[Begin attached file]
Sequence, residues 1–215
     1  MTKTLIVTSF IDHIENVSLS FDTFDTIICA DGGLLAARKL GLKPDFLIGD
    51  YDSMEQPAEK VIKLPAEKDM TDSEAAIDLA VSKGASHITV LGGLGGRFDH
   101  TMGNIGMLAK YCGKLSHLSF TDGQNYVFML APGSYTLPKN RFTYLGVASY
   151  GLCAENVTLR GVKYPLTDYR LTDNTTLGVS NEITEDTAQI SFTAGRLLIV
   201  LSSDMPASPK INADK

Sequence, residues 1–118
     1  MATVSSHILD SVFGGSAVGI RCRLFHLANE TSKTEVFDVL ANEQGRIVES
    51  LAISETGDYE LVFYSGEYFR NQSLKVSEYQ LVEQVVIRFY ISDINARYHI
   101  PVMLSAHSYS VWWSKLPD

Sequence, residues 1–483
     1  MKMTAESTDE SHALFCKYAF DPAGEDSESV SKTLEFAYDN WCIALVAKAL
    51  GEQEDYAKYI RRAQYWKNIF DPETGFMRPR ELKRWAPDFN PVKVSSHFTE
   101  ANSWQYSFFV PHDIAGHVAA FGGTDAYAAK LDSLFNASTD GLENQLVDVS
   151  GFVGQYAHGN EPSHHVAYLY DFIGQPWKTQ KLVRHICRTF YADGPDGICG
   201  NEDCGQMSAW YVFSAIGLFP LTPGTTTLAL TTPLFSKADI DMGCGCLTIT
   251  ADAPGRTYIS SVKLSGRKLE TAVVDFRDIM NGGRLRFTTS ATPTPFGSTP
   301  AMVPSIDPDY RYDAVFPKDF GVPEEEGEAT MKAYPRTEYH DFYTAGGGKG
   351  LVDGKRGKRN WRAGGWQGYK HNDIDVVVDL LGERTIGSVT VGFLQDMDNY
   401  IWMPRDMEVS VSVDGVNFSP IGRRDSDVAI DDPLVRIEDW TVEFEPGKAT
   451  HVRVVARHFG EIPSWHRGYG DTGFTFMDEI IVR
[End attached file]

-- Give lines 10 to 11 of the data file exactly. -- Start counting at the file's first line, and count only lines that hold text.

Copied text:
   101  PVMLSAHSYS VWWSKLPD

Sequence, residues 1–483